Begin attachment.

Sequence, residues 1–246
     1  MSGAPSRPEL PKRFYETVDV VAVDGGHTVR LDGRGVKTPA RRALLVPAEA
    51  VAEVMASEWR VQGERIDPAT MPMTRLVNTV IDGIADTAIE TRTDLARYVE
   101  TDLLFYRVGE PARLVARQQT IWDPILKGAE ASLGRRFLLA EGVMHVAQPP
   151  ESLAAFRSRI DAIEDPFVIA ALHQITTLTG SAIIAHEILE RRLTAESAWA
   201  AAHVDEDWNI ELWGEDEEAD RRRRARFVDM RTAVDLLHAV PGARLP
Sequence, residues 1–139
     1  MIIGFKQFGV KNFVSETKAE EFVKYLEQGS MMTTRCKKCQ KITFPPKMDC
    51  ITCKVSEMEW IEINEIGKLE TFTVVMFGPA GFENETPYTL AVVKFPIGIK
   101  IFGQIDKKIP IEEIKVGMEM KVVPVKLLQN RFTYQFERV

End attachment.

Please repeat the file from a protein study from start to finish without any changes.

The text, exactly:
Sequence, residues 1–246
     1  MSGAPSRPEL PKRFYETVDV VAVDGGHTVR LDGRGVKTPA RRALLVPAEA
    51  VAEVMASEWR VQGERIDPAT MPMTRLVNTV IDGIADTAIE TRTDLARYVE
   101  TDLLFYRVGE PARLVARQQT IWDPILKGAE ASLGRRFLLA EGVMHVAQPP
   151  ESLAAFRSRI DAIEDPFVIA ALHQITTLTG SAIIAHEILE RRLTAESAWA
   201  AAHVDEDWNI ELWGEDEEAD RRRRARFVDM RTAVDLLHAV PGARLP
Sequence, residues 1–139
     1  MIIGFKQFGV KNFVSETKAE EFVKYLEQGS MMTTRCKKCQ KITFPPKMDC
    51  ITCKVSEMEW IEINEIGKLE TFTVVMFGPA GFENETPYTL AVVKFPIGIK
   101  IFGQIDKKIP IEEIKVGMEM KVVPVKLLQN RFTYQFERV